Discipline: Literature

Hervey Allen

Discipline: Literature
MacDowell fellowships: 1921, 1922, 1923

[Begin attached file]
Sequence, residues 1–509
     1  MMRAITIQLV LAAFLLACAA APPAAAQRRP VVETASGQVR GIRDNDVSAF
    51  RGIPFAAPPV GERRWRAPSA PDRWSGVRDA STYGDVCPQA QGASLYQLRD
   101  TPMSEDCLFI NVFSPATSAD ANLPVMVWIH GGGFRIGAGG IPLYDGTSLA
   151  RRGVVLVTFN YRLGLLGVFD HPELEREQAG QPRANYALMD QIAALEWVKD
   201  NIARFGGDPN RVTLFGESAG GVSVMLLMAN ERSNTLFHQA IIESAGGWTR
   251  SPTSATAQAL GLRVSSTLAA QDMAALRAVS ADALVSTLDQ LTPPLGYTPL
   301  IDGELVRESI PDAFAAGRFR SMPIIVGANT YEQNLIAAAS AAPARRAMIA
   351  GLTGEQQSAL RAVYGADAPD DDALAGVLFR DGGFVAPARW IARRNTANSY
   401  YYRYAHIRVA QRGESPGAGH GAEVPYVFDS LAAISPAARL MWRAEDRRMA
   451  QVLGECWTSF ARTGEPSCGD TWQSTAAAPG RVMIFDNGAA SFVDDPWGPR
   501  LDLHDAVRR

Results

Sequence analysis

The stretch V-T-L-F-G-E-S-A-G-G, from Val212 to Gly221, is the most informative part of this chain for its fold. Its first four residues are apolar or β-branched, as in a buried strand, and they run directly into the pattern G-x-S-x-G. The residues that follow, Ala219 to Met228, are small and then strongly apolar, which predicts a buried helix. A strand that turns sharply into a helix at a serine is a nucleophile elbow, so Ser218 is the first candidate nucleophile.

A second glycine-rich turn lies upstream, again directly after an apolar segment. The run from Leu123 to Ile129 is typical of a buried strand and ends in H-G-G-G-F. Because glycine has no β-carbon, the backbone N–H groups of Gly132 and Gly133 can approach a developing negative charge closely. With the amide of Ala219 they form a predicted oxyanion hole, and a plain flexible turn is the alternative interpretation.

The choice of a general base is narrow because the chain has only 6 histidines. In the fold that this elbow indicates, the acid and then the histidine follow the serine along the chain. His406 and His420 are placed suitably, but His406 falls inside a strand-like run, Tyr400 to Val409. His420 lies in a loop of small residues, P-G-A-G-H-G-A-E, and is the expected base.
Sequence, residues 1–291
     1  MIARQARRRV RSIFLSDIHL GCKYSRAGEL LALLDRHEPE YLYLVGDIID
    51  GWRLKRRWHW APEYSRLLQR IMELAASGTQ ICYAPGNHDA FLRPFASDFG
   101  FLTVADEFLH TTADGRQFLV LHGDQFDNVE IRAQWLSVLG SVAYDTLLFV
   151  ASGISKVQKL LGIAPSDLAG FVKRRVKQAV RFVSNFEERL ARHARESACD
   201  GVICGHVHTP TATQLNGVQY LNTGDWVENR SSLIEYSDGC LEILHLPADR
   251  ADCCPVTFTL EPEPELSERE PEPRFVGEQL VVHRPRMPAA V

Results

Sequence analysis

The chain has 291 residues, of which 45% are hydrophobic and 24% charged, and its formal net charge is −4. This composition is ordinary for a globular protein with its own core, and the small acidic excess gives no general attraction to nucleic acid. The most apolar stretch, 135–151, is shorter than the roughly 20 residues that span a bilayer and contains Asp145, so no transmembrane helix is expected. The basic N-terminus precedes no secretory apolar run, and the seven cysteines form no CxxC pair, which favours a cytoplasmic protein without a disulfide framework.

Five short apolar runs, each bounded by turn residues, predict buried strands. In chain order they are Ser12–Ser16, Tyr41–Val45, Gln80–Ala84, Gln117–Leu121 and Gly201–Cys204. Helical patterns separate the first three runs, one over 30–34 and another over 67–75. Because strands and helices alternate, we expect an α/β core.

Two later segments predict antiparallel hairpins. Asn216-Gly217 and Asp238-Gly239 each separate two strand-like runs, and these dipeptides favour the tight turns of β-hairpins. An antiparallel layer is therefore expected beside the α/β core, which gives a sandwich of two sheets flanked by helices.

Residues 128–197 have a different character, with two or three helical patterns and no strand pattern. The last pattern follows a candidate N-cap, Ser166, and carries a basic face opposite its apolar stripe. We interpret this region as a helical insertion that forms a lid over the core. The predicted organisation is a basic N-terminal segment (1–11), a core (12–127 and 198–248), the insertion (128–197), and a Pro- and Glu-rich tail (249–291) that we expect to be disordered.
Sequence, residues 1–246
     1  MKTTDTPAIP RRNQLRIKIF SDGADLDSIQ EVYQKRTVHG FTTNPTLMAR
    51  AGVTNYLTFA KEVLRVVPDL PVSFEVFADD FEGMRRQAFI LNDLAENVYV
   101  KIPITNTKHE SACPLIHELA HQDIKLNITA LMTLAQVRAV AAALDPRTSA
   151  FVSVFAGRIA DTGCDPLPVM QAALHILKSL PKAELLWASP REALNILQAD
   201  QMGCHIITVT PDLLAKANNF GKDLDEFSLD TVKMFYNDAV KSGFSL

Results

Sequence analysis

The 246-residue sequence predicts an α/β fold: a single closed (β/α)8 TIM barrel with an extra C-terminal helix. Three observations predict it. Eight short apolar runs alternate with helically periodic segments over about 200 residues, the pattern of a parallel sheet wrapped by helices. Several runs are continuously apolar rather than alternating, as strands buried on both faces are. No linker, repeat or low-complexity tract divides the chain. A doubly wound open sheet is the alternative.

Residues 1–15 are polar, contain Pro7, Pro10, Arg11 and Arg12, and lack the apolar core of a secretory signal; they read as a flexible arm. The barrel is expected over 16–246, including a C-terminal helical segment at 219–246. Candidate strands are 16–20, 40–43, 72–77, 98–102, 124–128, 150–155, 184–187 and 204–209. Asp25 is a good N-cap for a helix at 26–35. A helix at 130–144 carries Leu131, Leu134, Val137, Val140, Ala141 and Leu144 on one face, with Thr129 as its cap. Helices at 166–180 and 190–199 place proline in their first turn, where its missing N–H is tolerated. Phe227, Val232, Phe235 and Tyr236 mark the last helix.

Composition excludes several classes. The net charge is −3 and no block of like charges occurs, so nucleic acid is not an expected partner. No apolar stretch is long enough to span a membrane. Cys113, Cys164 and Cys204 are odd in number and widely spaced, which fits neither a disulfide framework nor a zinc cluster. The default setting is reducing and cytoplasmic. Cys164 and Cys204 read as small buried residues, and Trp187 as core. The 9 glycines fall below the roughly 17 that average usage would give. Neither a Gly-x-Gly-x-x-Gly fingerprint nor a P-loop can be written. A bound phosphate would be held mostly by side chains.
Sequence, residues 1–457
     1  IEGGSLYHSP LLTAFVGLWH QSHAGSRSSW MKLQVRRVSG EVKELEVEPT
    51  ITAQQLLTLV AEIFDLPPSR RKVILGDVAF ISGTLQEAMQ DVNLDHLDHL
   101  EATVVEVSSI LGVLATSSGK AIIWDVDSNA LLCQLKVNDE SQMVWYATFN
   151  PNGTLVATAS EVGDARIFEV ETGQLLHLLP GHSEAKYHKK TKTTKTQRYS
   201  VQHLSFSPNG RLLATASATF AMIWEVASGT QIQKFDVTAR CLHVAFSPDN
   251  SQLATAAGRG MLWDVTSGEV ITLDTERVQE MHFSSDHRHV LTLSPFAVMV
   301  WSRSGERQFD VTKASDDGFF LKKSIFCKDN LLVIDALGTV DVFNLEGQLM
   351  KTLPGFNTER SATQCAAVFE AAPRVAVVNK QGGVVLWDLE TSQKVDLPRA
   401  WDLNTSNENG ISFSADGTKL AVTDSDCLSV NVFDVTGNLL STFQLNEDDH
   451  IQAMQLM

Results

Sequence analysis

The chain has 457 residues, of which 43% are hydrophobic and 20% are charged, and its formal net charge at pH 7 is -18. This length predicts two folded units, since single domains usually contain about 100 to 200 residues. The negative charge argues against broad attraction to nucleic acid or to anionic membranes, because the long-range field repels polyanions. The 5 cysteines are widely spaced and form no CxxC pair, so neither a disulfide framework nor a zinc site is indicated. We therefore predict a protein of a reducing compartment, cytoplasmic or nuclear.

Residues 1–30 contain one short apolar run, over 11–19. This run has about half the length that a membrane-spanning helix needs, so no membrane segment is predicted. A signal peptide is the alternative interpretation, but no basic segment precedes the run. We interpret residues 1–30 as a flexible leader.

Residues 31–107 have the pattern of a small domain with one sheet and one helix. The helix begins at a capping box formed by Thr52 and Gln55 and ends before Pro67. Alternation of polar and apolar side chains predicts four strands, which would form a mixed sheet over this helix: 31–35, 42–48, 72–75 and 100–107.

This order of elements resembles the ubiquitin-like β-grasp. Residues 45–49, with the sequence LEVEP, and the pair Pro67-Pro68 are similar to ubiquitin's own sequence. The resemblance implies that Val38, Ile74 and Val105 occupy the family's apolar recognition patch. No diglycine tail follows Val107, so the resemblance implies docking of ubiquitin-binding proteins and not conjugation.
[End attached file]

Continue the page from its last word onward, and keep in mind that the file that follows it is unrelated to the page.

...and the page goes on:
Hervey Allen, Jr. (1889 - 1949) was an American author. He graduated from Shady Side Academy in 1909, attended the United States Naval Academy from 1910 to 1911, and graduated from the University of Pittsburgh in 1915, where he also became a member of the Sigma Chi fraternity. He wrote Toward the Flame (1926), a nonfiction account of his experiences in WWI. His first book, Wampum and Old Gold, was awarded the Yale Younger Poets Prize. Allen is best known for his work Anthony Adverse. He also planned a series of novels about colonial America called The Disinherited. He completed three works in the series: The Forest and the Fort (1943), Bedford Village (1944), and Toward the Morning (1948). The novels tell the story of Salathiel Albine, a frontiersman kidnapped as a boy by Shawnee Indians in the 1750s. All three works were collected and published as the City in the Dawn. Allen also wrote Israfel (1926), a biography of American writer Edgar Allan Poe. Among his friends were DuBose Heyward, Marjory Stoneman Douglas, Robert Frost, and Ogden Nash. In the 1940s, he co-edited the Rivers of America Series with Carl Carmer.